When Kingston's Brit Smith, 98, fought in the Second World War, he had no idea it would spark a lifelong connection with CNIB and lead to a $1.125-million gift from his company, Homestead Land Holdings Ltd.
In addition to knowing CNIB founder Col. Edwin A. Baker, Smith learned how challenging sight loss could be from his fellow soldiers.
When he was seriously injured on the battlefields of Normandy, he got to know many comrades who’d lost their sight in action.
"I was in the hospital for six months after I was wounded in the war," says Smith. "I remember we would go down to the local pub with some of the pilots who had lost their sight to help give them some exposure on how to manage now that they couldn't see anymore."
Thanks to Smith’s generosity, the revitalization of the recreation hall at CNIB's Lake Joseph Centre, an accessible and inclusive camp for people with sight loss in Muskoka, is almost complete.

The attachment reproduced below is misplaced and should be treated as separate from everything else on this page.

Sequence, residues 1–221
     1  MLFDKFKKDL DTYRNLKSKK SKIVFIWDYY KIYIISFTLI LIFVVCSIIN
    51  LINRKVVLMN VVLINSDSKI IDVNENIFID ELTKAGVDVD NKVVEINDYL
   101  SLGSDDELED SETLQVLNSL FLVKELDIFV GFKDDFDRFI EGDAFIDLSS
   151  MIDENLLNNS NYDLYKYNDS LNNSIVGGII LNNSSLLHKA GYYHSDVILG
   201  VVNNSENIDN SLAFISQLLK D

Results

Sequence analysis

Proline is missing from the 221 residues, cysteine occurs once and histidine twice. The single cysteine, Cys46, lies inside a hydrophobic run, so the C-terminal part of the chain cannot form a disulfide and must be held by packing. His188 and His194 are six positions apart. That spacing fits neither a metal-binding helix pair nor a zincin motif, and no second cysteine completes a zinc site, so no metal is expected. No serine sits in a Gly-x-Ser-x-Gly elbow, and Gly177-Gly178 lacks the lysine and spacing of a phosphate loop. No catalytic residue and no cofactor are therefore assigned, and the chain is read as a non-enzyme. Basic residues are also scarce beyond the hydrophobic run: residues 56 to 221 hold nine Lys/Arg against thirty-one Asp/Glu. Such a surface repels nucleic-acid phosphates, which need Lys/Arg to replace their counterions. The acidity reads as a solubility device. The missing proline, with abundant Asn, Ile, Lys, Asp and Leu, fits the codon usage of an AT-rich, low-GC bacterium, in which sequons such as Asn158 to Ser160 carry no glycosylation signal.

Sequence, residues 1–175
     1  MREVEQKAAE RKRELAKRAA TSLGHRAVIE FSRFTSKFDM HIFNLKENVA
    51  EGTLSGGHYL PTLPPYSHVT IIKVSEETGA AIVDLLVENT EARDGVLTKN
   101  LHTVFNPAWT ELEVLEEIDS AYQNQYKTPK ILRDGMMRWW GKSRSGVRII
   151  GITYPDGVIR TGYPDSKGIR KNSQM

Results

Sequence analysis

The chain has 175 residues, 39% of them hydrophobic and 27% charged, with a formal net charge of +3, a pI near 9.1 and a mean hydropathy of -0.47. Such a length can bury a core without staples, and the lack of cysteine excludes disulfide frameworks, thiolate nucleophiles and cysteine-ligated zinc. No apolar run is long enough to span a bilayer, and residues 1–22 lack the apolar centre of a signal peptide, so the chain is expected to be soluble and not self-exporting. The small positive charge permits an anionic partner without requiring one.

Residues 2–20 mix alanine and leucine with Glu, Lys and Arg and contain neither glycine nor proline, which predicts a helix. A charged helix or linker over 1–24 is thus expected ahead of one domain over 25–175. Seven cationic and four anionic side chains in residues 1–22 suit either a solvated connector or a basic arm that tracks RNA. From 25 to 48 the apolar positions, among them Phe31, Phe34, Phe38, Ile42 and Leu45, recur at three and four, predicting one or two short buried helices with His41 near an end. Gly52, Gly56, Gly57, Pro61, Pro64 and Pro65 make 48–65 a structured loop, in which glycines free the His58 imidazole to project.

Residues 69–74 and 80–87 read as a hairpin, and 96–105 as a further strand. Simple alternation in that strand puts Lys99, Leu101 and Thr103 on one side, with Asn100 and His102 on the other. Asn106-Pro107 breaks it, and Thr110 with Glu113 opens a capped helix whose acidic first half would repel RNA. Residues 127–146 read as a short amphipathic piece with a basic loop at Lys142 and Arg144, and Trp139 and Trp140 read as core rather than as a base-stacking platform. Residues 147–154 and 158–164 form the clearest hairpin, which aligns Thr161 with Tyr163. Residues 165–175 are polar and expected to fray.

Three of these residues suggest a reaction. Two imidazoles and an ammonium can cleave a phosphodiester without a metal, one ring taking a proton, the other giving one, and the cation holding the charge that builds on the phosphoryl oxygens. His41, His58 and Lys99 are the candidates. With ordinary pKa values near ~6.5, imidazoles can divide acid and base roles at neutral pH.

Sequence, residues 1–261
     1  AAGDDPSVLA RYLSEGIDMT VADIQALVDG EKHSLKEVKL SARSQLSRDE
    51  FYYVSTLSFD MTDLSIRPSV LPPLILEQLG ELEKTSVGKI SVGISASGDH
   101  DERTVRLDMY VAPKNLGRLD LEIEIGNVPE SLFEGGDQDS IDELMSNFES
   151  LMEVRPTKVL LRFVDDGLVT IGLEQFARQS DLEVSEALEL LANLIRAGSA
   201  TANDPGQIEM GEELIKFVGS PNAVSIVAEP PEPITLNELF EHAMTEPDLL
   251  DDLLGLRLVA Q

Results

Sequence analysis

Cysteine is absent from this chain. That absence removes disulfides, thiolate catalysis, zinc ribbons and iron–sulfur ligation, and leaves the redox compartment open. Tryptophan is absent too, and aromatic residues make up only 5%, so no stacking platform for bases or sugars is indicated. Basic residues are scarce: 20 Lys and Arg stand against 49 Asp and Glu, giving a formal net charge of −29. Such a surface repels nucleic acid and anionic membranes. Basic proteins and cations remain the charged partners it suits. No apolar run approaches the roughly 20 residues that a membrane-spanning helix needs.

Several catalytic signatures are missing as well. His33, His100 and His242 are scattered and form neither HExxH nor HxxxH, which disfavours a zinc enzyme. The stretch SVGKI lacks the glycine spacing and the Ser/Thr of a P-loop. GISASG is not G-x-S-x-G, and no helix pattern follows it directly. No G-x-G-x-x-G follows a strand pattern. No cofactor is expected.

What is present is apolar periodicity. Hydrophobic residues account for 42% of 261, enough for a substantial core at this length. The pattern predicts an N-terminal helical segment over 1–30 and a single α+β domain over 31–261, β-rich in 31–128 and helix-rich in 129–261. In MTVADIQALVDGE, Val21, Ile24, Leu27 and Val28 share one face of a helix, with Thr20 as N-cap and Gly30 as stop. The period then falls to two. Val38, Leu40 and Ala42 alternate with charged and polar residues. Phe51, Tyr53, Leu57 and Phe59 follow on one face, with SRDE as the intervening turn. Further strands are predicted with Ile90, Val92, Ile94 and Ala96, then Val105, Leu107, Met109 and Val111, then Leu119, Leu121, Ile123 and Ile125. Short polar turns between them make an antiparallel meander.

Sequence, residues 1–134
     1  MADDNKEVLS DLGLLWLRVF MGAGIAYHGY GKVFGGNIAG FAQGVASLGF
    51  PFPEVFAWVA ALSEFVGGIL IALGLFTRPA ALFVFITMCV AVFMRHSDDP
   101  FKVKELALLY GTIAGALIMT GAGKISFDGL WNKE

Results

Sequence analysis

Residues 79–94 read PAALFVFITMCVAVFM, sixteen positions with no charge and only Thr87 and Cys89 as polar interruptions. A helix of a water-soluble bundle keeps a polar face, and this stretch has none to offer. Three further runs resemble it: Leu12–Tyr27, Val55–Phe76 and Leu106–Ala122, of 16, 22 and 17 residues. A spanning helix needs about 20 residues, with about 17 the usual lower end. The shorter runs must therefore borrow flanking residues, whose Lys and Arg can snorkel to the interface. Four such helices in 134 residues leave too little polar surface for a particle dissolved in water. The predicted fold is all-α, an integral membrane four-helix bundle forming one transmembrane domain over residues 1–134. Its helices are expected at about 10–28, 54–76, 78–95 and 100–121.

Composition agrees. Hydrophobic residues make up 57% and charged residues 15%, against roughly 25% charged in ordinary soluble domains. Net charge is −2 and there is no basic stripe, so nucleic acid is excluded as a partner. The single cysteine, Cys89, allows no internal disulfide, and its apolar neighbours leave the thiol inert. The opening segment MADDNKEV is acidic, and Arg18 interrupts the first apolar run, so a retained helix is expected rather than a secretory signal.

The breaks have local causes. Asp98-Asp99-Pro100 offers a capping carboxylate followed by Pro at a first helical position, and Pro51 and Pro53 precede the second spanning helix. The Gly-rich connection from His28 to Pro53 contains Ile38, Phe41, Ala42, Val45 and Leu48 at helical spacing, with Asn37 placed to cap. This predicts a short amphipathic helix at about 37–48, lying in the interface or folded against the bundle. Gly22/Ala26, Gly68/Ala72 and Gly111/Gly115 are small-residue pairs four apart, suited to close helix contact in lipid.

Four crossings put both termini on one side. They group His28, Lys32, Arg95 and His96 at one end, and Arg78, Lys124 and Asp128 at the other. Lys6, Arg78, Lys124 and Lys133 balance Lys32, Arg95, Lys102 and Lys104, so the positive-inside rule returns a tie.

The funds also support the redevelopment of CNIB locations in Kingston and Ottawa. CNIB Kingston is creating an accessible new teaching and technology hub for people with sight loss, while Ottawa's new community hub will have its opening in fall 2018.
In addition, Smith's gift provided start-up funding for new and expanded programs across Eastern Ontario.
As CNIB celebrates our 100th anniversary in 2018, we're making big plans to create a range of services to enrich the lives of people who are blind or partially sighted across Canada.
The CNIB Foundation depends entirely on charitable funding to provide programs and services to help people with sight loss reach their full potential. We thank our donors, who make this work possible.